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Thomas E. Garlock, who spearheaded the Buffalo Zoo's failed attempt to relocate to the Inner Harbor, is stepping down after 4 1/2 years as zoo president.

The 46-year-old Lockport native, who arrived in 1995 with a mandate from zoological society leaders to sharpen the institution's business operations, will leave Jan. 15, Chairman Donna M. Gioia announced Thursday.

Under his direction, the nation's third-oldest zoo "has undergone a great deal of positive change," Gioia said in a news release.

But as it now ponders its future in Delaware Park, after failing to win political or popular support for its proposal to build a $160 million state-of-the-art facility on the Buffalo River, Garlock "has concluded that this effort could benefit from a fresh perspective," Gioia said.

"I have thoroughly enjoyed my tenure with the zoo, but I believe it's time for me to do something different," Garlock was quoted in the news release, adding that he is considering a number of job options.

Reached later by telephone, Gioia said a rumor circulating in recent days that Garlock was being forced out was untrue.

"He wasn't pushed," she said, indicating that the scrapping of the relocation plan after heavy criticism from the Parkside community might have influenced Garlock to quit.

"He took a lot of hard hits. It was tough on him," Gioia said.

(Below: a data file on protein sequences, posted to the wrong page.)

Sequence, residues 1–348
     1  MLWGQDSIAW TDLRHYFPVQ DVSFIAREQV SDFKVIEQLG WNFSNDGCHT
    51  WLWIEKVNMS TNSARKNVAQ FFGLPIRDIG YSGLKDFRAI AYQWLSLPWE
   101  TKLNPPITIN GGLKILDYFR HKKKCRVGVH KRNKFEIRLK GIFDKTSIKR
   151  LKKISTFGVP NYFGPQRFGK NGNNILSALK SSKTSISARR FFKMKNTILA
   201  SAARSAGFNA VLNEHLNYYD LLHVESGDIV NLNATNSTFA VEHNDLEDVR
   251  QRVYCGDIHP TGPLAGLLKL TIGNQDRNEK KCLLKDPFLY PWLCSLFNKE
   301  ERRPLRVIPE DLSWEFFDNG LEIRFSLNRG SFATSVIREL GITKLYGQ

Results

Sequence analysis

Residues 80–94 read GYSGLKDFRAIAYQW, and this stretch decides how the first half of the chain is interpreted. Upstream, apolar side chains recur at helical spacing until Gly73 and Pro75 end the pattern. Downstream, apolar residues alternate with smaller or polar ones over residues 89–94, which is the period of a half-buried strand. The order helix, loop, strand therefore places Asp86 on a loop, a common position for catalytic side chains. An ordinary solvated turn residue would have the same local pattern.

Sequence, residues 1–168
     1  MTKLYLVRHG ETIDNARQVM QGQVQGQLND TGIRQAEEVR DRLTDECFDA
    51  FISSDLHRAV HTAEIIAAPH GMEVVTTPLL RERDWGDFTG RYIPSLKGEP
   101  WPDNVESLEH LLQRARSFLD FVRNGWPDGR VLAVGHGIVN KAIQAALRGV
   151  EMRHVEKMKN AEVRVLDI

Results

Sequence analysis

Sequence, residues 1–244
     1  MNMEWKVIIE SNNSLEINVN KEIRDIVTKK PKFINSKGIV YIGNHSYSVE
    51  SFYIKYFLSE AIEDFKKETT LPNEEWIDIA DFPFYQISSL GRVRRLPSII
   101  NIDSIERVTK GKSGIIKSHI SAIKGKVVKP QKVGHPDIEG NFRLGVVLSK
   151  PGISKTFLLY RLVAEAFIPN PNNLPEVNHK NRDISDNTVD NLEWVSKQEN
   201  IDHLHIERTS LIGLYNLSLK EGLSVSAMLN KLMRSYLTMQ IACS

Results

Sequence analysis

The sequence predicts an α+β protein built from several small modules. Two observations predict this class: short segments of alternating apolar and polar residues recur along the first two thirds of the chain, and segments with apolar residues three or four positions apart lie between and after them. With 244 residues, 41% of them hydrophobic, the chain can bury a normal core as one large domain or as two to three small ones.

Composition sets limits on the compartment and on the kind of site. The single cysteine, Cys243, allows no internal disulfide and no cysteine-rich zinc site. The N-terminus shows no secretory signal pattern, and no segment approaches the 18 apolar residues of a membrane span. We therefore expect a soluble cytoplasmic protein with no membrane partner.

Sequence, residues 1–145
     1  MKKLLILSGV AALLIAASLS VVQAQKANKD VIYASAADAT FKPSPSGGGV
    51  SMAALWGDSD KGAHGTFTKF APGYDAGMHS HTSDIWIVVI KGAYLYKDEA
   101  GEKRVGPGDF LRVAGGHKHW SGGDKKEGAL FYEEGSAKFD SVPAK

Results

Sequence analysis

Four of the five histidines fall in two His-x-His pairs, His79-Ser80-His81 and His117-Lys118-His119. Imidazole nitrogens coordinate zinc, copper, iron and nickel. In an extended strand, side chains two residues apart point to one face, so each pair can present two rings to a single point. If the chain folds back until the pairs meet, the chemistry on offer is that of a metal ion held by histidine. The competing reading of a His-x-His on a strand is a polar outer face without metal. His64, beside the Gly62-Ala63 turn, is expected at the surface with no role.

Garlock, a former Assembly aide and bank executive, could not be reached to comment further.

News of his departure, which followed closed-door meetings between Garlock and a handful of board members, shook the zoo offices.

"I was flabbergasted," said a staff member, adding there had been no indication Garlock was on the way out.

In the months since the relocation proposal was shelved, Garlock remained outwardly upbeat, "but after a major disappointment like that, it's sort of hard to regroup with the same kind of enthusiasm," the staffer said.

Frederick L. Paine, vice president of zoo operations, will serve as interim president until Garlock's successor is found, Gioia said.

The board, which expects to begin the search soon, will "try to build on Tom's work and bring some new skills to the zoo," said Brian P. Brady, vice chairman.

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